Below are five significant responses gleaned from a survey given to 9th and 10th graders at a parochial high school in Clyde Hill, Washington in 2016 based on the above question:
1) “How do older people’s negative outlooks on your generation (lazy, depended on technology) effect your life as a student?” “How can you use your electronic devices more, but for educational purposes?”
Kids pick up quickly when they are being judged or disrespected. Each generation is unique. My brother is six years older than me and my sister eight years. They were born during World War II with many restrictions, rationing and constraints. By the time I was born in 1951, my Father was out of the military and into a stable job, my parents had settled down and there were no more restrictions or rationing. We could have similarly been labeled lazy and dependent on technology, because we had a TV and a telephone (not everyone did). With each new technological gadget that comes along, teachers need to flex and see how these may or may not be compatible with their classroom. Currently, in our junior high school, cell phones are not allowed in class. Each student has a lockable pouch to sequester their phone for the day, only to be unlocked by a teacher at the end of the day, unless authorized for use in a particular class.
2) What was the most interesting thing in school that happened this year?
With so many students joining the “I hate school club,” asking what interesting thing happened this year might help the student avoid the “group think,” and focus on something good. Another question might be, “What was the most interesting class you took this year and what did the teacher do to make it interesting?” This would be quite informative. In all these questions teenagers think adults should ask them, is the overarching concept of viewing things from the students’ perspective. Whenever possible, physically or metaphorically, stoop down to see things from your students’ view. I will often kneel next to a student’s table while we discuss a difficult science concept or complicated graph for a lab report. First, it helps the student know that you think they are important and valuable, and secondly, it’s hard to assume a haughty, know-it-all attitude when you are kneeling with your head lower than your student’s.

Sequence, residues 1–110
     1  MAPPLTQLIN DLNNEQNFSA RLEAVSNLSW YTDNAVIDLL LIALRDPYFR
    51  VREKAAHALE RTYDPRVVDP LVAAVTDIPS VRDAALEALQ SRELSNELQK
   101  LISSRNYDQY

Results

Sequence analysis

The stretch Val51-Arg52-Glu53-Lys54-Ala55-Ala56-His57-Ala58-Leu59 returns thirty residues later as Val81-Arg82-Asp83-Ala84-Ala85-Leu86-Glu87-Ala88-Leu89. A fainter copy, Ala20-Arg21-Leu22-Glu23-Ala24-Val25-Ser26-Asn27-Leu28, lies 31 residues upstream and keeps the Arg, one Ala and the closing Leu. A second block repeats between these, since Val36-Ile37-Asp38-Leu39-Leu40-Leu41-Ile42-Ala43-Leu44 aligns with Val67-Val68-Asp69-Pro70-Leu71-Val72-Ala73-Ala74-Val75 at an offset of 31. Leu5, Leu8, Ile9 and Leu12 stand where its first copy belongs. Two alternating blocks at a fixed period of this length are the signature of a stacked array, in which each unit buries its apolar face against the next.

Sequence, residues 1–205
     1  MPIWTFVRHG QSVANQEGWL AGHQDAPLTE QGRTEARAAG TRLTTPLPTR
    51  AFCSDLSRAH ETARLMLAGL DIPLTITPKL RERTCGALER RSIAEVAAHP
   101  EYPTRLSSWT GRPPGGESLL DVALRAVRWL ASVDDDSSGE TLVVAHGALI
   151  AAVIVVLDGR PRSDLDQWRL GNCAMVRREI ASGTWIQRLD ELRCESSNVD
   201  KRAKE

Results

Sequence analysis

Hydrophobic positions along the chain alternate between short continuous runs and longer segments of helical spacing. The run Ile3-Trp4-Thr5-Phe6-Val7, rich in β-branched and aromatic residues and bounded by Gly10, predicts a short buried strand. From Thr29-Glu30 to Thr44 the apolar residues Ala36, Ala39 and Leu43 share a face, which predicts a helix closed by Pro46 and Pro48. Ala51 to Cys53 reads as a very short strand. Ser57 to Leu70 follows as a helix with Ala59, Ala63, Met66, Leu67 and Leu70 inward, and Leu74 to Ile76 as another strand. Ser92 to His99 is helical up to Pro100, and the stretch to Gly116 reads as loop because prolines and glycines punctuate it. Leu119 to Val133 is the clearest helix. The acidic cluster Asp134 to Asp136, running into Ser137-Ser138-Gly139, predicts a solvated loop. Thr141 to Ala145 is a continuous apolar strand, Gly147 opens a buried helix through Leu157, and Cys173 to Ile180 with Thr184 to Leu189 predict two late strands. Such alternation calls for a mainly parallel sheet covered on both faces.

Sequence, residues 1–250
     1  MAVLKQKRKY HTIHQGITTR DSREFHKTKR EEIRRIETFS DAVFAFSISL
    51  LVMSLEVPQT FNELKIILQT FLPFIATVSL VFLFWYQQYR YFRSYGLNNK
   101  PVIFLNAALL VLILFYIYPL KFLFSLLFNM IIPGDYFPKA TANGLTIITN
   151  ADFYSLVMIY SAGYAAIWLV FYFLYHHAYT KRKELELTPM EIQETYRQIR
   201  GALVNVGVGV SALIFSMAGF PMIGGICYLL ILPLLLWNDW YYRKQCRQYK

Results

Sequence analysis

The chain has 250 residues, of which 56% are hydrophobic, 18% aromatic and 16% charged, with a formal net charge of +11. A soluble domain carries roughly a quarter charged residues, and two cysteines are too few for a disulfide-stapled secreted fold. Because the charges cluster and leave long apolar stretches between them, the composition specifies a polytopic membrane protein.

3) How is your mental/emotional health?
Caring for what is happening to your students is paramount for the compassionate teacher. For the teacher who thinks they are doing a good job by being able to “get to” 50% of their students, they are in serious error. (This defense of another teacher came from the head of the department; a real situation I experienced in a public high school.) What happens to the other half of the class? Are these the definition of “throw away kids?” Are we going to focus only on the brightest and best students and shun those we feel are less capable? Regardless of our feelings, we have a moral obligation to make school a success for each child, to the best of our ability. Each child is valuable and needs our love and consideration. Being tuned in to their mental and emotional health is a huge part of our duty. Teachers need to be consciously aware (if possible) of everything that touches their students’ lives. Checking in with a student whose countenance has fallen may be the crucial step needed to give them permission to share their struggles with you. Of course, some students will never share their troubles with you, even if you are sure something has changed for the worse and ask directly. Nonetheless, I continue to let them know I care. Sometimes the best thing is to refer them to their guidance counselor to work out a difficulty.